Yes. If they were indeed aware of the fact that a paper exists which proves that the problem was solved, then they clearly commited a scientific misconduct, though less so, I should think, by not citing your paper, and more so by claiming that a problem had no solution which they knew was solved already.
Even if they considered your proof wrong, they should absolutely make it clear why they disagree with you.
However, as commenters have pointed out, there is always a good chance that people don't realise what a paper is about, don't remember that there is that paper, or they wanted to discuss your paper and just forgot about it, which of course doesn't speak for their academic diligence, but means that no misconduct was commited (unless your paper is so high-profile that by not including it, they are neglecting their duty to read the literature before writing a paper.)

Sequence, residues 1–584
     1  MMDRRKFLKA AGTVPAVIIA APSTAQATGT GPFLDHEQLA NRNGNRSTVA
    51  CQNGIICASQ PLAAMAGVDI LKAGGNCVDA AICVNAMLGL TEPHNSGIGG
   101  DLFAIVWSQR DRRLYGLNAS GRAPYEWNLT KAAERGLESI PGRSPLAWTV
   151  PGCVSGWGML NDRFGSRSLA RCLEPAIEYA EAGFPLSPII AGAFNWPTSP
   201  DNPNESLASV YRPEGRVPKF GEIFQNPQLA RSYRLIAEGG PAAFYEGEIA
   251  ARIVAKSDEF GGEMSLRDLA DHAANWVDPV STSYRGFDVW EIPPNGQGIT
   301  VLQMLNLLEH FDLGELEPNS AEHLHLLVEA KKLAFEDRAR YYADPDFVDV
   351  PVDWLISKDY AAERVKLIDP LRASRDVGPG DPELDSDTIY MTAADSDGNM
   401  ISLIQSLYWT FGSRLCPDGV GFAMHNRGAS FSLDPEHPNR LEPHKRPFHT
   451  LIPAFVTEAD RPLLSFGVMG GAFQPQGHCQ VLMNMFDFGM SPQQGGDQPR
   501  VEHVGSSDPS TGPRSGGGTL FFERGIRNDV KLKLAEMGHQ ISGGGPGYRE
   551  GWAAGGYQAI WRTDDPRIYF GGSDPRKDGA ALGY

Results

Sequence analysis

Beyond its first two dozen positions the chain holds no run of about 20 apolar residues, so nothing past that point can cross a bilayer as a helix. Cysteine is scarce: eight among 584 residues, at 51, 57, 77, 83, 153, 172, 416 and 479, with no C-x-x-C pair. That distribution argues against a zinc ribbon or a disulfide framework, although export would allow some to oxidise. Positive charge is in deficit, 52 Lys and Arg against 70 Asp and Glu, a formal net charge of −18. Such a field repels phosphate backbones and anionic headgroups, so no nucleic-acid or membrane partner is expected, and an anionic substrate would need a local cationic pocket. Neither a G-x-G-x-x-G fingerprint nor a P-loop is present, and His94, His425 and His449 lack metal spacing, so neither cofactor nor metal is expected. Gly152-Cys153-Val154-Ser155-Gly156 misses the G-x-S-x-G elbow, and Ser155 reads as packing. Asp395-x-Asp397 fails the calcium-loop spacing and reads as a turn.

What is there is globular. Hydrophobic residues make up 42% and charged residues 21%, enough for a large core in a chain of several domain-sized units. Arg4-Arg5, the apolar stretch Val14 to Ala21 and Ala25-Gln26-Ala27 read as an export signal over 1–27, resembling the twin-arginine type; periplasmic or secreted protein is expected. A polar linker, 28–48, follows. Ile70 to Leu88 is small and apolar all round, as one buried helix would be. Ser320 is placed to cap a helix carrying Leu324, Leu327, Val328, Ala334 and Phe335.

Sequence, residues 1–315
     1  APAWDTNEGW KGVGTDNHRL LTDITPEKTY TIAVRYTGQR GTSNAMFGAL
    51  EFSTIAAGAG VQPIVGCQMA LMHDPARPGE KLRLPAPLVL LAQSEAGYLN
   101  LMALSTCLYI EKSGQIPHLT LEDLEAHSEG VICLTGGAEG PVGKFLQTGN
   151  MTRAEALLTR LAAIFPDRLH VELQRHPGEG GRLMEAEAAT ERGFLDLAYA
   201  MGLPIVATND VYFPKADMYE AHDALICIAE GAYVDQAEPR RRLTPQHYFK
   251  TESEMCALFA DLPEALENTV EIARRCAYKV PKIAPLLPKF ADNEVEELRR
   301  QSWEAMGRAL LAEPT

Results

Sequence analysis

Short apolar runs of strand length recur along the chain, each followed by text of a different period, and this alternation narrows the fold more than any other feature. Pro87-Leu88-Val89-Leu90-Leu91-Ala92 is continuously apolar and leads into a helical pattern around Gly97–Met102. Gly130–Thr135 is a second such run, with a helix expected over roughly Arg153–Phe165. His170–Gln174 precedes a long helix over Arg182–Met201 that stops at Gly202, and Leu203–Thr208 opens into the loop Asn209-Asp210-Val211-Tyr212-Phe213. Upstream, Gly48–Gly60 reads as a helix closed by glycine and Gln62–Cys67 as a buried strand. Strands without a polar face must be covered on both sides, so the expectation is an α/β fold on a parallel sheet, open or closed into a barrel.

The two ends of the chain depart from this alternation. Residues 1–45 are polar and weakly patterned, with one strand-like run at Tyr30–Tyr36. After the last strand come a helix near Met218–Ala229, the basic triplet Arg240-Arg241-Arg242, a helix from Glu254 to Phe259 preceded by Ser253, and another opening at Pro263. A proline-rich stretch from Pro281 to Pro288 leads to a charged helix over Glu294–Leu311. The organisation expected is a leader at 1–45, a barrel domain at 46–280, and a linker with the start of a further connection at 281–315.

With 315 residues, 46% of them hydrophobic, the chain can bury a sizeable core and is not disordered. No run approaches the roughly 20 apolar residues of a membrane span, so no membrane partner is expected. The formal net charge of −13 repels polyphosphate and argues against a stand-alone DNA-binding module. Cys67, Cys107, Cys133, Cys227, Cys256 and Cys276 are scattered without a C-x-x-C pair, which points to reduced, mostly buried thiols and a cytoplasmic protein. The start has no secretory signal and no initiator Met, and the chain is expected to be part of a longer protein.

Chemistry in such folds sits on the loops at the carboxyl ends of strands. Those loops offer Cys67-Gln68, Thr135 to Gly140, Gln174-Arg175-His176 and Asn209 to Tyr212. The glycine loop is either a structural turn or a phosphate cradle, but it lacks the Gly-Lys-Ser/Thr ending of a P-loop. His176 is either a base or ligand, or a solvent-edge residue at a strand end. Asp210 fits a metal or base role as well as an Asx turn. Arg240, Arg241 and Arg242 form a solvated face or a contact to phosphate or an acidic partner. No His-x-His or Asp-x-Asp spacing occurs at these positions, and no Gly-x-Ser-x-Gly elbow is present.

Edit: Note that I have answered the general question in your title, not the more precise question in your text, which I don't know how to answer without additional evidence.
Another edit: The formal rules for scientific integrity of my own university, for example, do not explicitly mention omitting a citation, but do (obviously) contain "intentional or grossly negligent misrepresentations in an academically relevant context" (my translaton) as an act of misconduct. This is exactly my point: If they knew, or really should have known, it's academic misconduct. If they didn't know and your paper is so obscure that they didn't act grossly negligent in not finding it, it isn't.